High school football players who want to play the overall game in college tend to be confronted by unfamiliar terms if they become active in the college football recruiting process. In particular, they’ll often hear of the “redshirt,” in addition to the “grayshirt” and “greenshirt” – terms that refer to player recruiting and player development strategies employed by many colleges in recruiting for football.
NCAA (National Collegiate Athletic Association) rules allow a college football player five years to complete his four seasons of eligibility. That fifth year in which the ball player doesn’t compete on the field, although he practices and receives his scholarship in the same way every other player on a football scholarship, is known as the redshirt year. ทีเด็ดบอลชุด Usually, new recruits are redshirted their freshman year since they often need more hours to develop as college players who will contribute to the success of the team. A freshman player who plays in games during his first year on campus (he isn’t redshirted) will have only three additional years to play, but a freshman who doesn’t play in games during his first year in college (he’s redshirted) will still have four more years of playing eligibility next first year.
A senior high school player receives a greenshirt or is “greenshirted” when he graduates early from senior high school and thereby forgoes his spring semester there so he can enroll in college for that semester. Almost unusual until recent years, the greenshirt allows senior high school players to take part in spring practice together with his college team, develop his football skills and knowledge of the team’s system through the spring and summer, and possibly begin playing in games the following fall. This technique gives a person and the college team an early on begin preparing to play football in college, but comes at the expense of leaving senior high school early, which might or mightn’t be the very best long-term strategy for a student.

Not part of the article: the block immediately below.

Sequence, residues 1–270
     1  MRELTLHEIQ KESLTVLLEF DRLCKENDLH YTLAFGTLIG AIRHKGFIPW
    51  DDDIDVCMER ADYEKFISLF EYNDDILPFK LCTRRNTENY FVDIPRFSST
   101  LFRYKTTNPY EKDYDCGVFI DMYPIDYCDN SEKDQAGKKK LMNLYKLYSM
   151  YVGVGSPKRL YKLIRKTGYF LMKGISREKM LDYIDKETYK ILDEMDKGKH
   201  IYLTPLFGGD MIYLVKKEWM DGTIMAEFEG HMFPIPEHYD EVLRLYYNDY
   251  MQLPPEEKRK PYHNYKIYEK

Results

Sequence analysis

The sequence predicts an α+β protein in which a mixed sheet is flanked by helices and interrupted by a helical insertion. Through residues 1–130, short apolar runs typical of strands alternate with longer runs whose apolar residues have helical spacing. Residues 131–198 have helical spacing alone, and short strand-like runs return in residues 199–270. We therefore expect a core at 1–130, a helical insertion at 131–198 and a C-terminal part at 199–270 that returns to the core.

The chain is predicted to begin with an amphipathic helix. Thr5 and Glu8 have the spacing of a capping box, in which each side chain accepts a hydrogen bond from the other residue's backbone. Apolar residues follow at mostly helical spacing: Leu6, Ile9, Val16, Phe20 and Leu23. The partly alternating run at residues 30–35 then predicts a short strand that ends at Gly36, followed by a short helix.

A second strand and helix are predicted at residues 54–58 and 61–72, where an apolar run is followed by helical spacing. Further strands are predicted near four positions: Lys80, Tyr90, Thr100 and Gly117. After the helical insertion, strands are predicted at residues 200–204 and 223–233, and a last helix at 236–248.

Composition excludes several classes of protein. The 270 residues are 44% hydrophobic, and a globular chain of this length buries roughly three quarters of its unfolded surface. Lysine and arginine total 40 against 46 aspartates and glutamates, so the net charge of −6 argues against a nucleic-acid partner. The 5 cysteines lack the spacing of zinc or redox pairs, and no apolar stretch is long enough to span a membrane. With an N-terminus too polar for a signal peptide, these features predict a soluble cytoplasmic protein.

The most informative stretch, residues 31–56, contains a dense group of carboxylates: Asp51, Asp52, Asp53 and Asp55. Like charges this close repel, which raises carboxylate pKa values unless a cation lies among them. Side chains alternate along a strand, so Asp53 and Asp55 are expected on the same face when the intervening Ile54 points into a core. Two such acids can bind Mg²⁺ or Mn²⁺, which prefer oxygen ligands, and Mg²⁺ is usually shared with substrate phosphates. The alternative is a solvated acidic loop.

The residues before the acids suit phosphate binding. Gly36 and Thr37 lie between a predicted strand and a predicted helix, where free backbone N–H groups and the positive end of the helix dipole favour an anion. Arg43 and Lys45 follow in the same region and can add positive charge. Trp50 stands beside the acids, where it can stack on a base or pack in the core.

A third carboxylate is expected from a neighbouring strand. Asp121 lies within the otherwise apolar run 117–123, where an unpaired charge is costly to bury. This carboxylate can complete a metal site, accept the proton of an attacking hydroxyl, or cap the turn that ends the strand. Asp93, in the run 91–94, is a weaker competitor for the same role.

A new player gets a grayshirt or is “grayshirted” when he signs a letter of intent on signing day in February, but doesn’t enter college full-time before the following spring rather than the following fall. He doesn’t get a scholarship, practice with the team, or have a full-time load of college courses until his spring enrollment. Grayshirting a person allows a college to sign a person, but delay his play in games for another year. In effect, grayshirting gives a person another year of practice before play, considering that the NCAA-mandated five-year eligibility period doesn’t begin until students is enrolled full-time. College programs which have already awarded near the utmost number allowed under NCAA rules are forced to sign a small recruiting class, and they’re most interested in players who’re ready to grayshirt.